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tv   After the Bell  FOX Business  June 13, 2016 4:00pm-5:01pm EDT

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melissa and david. melissa: all right. stocks selling on into the close with the major averages ending in the red for the third straight session. i'm melissa francis. >> and i'm connell mcshane in for david asmand. we have you covered on the big movers of the market. but here's what we have for you this hour. new details in the worst mass shooting in u.s. history. the man responsible for the massacre investigated twice by the fbi. let's go live now to the senate floor as they get set to observe a moment of silence for the victims in orlando. at this hour in washington. >> hear our prayer, oh, lord. rouse your power and come. we stumble and fail without your beacon of peace to guide us.
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as darkness seeks the upper hand with the orlando massacre. shine your light of hope upon our land. despite the pain and horror of this tragedy. empower us to continue to trust in your infinite mercy. hear our prayers for those who died and for those who mourn. bring healing to those who were injured. lord, give our lawmakers the wisdom to understand better the causes of violence, which exist in our nation and world.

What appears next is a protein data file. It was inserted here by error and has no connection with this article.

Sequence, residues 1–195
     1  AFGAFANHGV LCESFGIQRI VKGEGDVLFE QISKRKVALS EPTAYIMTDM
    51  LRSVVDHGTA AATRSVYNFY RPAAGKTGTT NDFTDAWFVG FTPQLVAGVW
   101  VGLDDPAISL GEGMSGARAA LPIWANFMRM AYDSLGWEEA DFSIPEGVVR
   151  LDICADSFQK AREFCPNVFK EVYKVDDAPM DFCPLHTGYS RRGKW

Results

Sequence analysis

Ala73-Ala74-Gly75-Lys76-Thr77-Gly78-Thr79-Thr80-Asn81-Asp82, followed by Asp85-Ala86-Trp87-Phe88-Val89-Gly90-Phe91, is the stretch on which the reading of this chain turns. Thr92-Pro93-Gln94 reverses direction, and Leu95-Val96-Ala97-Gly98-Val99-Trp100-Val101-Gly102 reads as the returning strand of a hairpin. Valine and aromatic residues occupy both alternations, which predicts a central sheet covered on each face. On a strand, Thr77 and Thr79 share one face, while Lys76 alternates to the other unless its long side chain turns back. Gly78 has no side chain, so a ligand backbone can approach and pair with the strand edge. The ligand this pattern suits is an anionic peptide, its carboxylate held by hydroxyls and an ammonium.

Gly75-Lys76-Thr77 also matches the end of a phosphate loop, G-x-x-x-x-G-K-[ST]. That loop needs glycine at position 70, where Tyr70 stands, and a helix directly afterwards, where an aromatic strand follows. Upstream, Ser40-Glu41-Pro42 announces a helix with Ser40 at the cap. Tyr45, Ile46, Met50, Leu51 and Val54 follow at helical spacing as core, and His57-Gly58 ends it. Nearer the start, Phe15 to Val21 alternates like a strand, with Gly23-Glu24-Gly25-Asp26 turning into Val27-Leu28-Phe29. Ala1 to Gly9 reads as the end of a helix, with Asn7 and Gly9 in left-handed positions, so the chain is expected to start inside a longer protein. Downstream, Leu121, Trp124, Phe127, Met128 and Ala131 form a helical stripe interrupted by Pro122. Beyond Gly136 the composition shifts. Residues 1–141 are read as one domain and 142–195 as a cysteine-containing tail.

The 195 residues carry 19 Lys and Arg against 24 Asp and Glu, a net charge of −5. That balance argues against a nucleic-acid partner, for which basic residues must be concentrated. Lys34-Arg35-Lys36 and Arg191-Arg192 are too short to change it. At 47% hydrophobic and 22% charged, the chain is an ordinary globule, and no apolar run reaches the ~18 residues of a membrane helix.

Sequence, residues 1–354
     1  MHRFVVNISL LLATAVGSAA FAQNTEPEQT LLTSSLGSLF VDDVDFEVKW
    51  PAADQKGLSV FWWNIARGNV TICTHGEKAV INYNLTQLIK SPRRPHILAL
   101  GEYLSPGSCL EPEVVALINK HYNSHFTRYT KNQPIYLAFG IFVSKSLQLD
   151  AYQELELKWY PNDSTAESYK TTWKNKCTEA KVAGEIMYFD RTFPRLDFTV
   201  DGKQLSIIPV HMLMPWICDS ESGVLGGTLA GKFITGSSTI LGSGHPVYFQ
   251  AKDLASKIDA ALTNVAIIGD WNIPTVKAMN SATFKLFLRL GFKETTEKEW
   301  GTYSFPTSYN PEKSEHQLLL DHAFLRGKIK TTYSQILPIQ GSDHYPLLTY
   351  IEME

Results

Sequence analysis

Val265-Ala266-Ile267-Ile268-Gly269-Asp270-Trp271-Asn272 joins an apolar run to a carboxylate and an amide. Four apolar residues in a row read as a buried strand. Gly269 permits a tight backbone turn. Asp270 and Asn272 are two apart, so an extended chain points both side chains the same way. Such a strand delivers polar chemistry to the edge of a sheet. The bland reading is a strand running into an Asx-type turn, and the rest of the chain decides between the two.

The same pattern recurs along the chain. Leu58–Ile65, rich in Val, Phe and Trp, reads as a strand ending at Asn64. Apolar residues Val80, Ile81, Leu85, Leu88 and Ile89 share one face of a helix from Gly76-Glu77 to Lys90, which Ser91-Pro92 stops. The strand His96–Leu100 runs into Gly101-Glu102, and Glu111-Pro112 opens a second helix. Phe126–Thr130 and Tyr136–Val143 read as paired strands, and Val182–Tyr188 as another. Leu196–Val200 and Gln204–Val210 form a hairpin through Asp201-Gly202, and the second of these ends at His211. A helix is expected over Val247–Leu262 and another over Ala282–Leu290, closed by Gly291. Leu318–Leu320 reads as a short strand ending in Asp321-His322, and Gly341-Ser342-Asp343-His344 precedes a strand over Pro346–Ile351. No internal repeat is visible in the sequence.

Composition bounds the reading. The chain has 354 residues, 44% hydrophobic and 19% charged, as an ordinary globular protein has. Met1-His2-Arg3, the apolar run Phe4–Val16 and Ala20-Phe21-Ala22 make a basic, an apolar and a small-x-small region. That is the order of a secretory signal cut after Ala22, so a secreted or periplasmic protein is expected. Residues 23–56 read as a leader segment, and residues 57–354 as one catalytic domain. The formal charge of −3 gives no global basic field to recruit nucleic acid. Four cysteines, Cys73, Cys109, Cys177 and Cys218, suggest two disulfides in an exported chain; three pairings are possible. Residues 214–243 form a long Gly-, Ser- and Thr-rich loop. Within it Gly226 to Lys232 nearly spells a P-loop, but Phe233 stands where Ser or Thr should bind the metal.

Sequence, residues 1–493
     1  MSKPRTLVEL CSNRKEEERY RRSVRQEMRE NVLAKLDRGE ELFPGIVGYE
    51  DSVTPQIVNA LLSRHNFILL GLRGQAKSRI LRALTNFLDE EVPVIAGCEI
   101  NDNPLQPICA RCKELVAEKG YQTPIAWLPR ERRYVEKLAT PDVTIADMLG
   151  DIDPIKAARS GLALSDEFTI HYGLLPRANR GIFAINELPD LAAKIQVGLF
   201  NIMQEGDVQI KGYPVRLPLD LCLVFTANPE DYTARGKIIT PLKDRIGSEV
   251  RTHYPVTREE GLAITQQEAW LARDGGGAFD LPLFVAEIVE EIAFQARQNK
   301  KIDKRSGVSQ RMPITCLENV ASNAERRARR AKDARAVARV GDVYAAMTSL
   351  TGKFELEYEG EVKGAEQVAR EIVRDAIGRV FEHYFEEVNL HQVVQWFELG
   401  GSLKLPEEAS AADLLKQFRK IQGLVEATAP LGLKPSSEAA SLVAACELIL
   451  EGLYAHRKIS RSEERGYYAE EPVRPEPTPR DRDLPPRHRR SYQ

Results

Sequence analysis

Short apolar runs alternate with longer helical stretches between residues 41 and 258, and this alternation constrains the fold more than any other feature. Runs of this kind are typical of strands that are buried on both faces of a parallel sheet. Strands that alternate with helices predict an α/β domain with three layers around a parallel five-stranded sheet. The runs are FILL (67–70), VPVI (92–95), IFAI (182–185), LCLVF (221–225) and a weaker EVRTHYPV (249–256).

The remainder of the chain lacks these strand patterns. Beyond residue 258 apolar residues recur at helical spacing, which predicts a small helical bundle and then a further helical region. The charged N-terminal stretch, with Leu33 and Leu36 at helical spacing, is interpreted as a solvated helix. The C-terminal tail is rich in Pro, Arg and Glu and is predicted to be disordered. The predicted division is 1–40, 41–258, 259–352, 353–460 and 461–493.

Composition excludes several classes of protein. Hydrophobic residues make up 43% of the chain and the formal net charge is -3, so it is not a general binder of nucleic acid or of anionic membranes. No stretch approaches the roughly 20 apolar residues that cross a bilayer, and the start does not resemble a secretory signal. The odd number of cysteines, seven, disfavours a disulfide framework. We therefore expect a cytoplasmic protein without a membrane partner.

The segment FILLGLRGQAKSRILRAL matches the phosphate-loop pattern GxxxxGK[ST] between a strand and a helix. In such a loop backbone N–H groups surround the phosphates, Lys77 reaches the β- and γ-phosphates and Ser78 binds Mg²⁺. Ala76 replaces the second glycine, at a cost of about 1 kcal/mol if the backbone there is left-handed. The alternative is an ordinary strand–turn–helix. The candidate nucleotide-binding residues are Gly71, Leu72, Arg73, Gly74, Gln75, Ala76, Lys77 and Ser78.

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use them to bring comfort, hope, and peace in the midst of insanity. help us to remember the warning of dr. martin luther king jr. when he said we must learn to learn together as brothers and sisters or we will die together as fools. we pray in your sovereign name. amen. [silence] >> please join me in reciting the pledge of allegiance to the flag. i pledge of allegiance to the flag of united states of america. and to the republic for which it stands, one nation under god with liberty and justice